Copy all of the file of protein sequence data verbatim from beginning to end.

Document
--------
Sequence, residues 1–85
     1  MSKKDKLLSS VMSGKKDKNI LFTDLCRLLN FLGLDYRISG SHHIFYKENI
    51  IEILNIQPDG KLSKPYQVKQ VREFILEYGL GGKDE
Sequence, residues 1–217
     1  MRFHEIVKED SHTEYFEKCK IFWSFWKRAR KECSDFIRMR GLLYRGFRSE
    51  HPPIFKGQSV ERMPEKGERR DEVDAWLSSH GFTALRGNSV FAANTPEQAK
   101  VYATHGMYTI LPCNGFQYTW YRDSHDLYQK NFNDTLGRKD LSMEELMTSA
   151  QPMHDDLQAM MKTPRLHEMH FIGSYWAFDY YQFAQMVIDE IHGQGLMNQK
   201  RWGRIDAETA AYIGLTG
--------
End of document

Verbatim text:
Sequence, residues 1–85
     1  MSKKDKLLSS VMSGKKDKNI LFTDLCRLLN FLGLDYRISG SHHIFYKENI
    51  IEILNIQPDG KLSKPYQVKQ VREFILEYGL GGKDE
Sequence, residues 1–217
     1  MRFHEIVKED SHTEYFEKCK IFWSFWKRAR KECSDFIRMR GLLYRGFRSE
    51  HPPIFKGQSV ERMPEKGERR DEVDAWLSSH GFTALRGNSV FAANTPEQAK
   101  VYATHGMYTI LPCNGFQYTW YRDSHDLYQK NFNDTLGRKD LSMEELMTSA
   151  QPMHDDLQAM MKTPRLHEMH FIGSYWAFDY YQFAQMVIDE IHGQGLMNQK
   201  RWGRIDAETA AYIGLTG